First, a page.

Why, trying to jump a taxi
Because I’d spent my money on booze, and the cop
Whose car pulled into the crosswalk to block me,
To stop me as I ran, gets out and says to me
If you don’t pay the man, I’ll arrest you.
I was underage. I jumped a taxi. I was incoherent and angry.
I did not have the money to pay the man. I was not arrested.
Turning from the news, I complain now to a friend
I don’t know why we (all of us) should want to live—
It’s all so futile and banal. It’s all so pointless, even when it’s 
As my mother rests inside her safe and dusty room
Next to the man she crossed an ocean to find.
I have thought her wrong
To think that we would need saving. But what do I know
Of having to choose one violence over another? Asleep now
She rests inside her flesh, my father close beside her
On his back, his forearm across his eyes,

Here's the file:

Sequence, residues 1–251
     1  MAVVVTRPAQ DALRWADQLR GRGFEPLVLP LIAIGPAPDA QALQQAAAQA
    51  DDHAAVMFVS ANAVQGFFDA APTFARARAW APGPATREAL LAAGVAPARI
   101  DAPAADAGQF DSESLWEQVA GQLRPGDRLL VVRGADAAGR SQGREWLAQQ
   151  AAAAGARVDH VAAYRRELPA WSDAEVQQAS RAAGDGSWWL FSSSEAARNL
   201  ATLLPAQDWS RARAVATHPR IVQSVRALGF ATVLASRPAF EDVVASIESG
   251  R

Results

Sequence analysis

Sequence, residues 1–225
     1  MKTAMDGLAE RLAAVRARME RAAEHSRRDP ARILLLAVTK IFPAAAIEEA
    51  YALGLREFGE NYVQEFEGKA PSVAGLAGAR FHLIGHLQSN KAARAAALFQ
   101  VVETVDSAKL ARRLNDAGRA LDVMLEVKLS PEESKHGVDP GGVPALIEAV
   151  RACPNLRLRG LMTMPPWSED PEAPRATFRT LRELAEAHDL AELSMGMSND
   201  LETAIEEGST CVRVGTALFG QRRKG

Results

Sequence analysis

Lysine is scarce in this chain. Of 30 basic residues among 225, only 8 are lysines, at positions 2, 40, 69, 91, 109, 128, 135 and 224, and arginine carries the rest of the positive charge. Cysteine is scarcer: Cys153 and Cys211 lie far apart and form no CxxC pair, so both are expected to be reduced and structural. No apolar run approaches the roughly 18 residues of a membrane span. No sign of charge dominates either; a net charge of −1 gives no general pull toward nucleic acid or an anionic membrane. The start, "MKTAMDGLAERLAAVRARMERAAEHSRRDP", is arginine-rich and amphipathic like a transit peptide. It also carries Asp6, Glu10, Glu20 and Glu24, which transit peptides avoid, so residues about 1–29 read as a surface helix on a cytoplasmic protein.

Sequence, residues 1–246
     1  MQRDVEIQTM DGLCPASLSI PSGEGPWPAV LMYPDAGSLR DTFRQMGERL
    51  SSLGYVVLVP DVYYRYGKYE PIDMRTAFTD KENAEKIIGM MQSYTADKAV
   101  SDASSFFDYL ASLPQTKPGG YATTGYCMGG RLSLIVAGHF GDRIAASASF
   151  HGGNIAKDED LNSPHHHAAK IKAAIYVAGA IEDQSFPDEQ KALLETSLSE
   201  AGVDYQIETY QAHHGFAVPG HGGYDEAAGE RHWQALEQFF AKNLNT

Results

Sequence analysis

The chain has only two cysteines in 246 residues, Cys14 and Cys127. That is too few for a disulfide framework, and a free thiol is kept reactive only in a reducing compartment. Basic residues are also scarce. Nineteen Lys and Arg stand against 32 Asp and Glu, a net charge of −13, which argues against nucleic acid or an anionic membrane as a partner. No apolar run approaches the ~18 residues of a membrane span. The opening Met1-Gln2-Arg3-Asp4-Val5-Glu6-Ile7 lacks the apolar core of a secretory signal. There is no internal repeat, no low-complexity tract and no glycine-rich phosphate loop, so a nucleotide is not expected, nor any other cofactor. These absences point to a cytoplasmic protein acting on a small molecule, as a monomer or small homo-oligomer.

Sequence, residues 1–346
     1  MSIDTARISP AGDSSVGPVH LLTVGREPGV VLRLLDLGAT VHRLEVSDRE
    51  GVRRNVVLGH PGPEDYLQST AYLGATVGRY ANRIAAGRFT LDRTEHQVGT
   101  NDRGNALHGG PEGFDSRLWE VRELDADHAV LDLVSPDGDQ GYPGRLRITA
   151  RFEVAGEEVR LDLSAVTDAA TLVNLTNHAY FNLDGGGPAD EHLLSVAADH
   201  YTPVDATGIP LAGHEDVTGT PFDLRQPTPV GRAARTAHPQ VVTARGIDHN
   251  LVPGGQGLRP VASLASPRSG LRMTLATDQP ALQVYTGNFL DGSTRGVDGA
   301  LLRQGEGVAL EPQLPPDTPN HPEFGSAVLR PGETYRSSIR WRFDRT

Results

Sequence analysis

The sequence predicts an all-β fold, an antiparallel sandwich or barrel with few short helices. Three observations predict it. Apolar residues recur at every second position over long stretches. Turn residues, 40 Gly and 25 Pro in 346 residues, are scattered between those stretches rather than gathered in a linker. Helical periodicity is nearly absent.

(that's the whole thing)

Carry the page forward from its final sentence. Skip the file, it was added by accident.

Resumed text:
He who chose her, too,
And over his own family, he knew to tell us, having learned early
That you must cross whatever line you have to cross. 

Copyright © 2018 by Charif Shanahan. Originally published in Poem-a-Day on May 24, 2018, by the Academy of American Poets.

Copyright © 2018 by Charif Shanahan. Originally published in Poem-a-Day on May 24, 2018, by the Academy of American Poets.

Donate Today

Classic Books of American Poetry

This collection of books showcases the masterpieces of American poetry that have influenced—or promise to influence—generations of poets. Take a look.


To Live in the Zombie Apocalypse

The moon will shine for God
knows how long.
As if it still matters. As if someone

is trying to recall a dream.
Believe the brain is a cage of light
& rage. When it shuts off,

something else switches on.
There’s no better reason than now
to lock the doors, the windows.

Turn off the sprinklers
& porch light. Save the books
for fire. In darkness,

we learn to read
what moves along the horizon,
across the periphery of a gun scope—

the flicker of shadows,
the rustling of trash in the body
of cities long emptied.

Not a soul lives
in this house &
this house & this

house. Go on, stiffen
the heart, quicken
the blood. To live

in a world of flesh
& teeth, you must
learn to kill

what you love,
& love what can die.

Burlee Vang

The Iraqi Nights

In Iraq,

after a thousand and one nights,

someone will talk to someone else.

Markets will open